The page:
Is Traditional ERP Customization Dead?
There is no easy answer to this question. Some advisors say that 85% of all ERP implementations include customization. We can assume that statistic is valid. But is ERP customization necessary? Maybe not.
Many past ERP customizations were simple format changes that can now be easily made with user configuration tools built into today’s ERP systems. These can be used to alter UI elements to suite the user, or to set the fields a particular user might need, hiding all others. Some ERP system configurations also have the ability to change quick link buttons to switch to a commonly used screen directly bypassing the menus.
A modern ERP will also include many user-defined fields within most tables to allow for most businesses to capture needed data. These will allow for text, numbers, dates, and other typical kinds of data. These user-defined fields can be added to transactions and labeled as desired by the user. They can be calculated values such as a transaction time stamp automatically generated.
One Foot in the Grave
Another area where we used to see a lot of ERP customization is integrating different systems. This used to require programming code but often now usually can be relatively simple web services or XML interfaces to move a value from one application to another. A demand might appear in a warehouse management system from one vendor and be passed to the purchasing module of an ERP system from another vendor. This capability, which exists in many ERP systems today, allows us to continue using applications we already have with little or no ERP customization. We can also get the benefit of best in class applications regardless of the vendor.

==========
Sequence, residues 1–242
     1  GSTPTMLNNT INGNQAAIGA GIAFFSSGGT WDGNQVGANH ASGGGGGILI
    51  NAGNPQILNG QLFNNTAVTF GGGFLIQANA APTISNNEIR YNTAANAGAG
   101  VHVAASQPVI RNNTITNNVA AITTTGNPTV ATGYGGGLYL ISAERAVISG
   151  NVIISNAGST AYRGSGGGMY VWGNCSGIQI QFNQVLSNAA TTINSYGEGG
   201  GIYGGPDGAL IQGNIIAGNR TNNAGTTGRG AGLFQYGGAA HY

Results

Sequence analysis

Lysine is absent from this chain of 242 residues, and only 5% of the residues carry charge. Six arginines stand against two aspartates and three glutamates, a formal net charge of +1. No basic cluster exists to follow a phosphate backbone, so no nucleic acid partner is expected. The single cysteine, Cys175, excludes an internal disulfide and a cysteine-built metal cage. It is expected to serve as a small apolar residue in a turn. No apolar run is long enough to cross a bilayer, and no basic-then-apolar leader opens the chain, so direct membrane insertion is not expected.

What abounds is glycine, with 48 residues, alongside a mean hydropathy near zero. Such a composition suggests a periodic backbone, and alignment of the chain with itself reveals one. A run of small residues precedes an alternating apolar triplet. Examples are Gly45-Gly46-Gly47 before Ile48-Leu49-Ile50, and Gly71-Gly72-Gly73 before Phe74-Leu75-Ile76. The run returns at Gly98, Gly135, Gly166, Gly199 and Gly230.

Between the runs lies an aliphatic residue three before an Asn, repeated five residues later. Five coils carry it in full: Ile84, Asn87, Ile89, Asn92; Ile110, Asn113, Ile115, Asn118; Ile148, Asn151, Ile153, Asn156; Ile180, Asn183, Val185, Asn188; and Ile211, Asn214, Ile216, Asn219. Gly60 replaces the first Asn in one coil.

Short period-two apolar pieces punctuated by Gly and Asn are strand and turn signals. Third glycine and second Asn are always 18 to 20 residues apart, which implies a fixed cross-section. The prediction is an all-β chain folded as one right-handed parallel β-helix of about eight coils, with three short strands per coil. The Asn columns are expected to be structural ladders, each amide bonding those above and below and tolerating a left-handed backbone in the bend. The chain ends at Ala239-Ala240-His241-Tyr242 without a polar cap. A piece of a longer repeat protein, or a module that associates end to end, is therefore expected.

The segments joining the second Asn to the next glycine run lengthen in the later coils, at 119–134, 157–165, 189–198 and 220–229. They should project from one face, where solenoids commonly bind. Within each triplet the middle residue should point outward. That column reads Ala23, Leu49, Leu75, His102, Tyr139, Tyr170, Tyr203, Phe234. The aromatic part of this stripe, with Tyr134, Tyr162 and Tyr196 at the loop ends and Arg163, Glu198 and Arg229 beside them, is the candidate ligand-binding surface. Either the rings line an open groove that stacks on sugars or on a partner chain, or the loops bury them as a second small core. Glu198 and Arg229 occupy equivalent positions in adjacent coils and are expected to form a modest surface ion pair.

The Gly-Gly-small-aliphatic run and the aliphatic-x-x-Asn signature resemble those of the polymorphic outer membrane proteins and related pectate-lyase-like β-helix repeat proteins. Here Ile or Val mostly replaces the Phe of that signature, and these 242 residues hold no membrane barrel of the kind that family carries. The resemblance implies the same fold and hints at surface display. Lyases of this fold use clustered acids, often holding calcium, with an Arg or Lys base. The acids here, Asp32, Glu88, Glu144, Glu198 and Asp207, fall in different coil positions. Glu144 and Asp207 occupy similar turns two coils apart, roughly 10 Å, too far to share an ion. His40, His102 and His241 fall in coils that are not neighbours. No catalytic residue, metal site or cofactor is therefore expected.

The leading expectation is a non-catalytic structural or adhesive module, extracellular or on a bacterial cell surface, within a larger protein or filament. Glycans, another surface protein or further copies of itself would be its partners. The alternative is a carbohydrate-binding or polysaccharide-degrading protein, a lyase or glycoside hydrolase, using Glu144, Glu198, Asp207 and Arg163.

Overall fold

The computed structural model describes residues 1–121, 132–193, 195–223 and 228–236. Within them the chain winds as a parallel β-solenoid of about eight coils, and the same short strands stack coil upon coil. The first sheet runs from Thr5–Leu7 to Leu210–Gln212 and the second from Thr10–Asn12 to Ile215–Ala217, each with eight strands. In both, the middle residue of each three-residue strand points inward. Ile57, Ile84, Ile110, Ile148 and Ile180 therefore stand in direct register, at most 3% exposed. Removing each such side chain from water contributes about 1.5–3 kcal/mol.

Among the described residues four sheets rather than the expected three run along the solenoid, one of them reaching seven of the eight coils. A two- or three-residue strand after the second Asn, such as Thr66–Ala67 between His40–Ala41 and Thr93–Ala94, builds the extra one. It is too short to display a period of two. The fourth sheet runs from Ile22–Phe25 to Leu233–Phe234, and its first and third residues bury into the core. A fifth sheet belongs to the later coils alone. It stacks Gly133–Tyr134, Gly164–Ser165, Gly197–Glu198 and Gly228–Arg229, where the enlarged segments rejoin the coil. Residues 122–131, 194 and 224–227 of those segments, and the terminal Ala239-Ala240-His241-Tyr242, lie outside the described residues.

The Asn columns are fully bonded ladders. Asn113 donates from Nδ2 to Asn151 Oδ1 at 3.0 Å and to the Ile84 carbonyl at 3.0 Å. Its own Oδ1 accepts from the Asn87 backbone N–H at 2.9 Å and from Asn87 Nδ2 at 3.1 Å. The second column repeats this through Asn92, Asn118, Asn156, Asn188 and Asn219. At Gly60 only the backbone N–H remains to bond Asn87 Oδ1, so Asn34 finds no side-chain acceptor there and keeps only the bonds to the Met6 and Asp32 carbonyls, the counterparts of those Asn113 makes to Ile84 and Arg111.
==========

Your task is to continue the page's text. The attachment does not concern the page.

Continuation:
The sheer number of ERP choices today is remarkable. There are ERP choices in almost any vertical industry segment imaginable. This means the probability of finding good choices in your industry is high which also means the probability of necessary ERP customization is reduced.
Customization of ERP systems may not be dead, but it could have one foot in the grave - Tweet This
My own experience is that much desired customization never was needed. From the beginning, ERP systems have been based on APICS and similar standards. Just because we were used to working a certain way did not mean we couldn’t change and use the standard processes found in ERP. Often that meant we found process improvements after the difficulty of change and realized that we did not know everything we thought we knew.
Recently I read of a business where the ERP project manager refused to allow any customization until the system was completely implemented and had run for months. They completed their implementation in a few weeks, when a typical ERP implementation takes more than a year. They also found they could continue their business pretty well with the out of the box implementation.
So, customization of ERP systems may not be dead, but it could have one foot in the grave.
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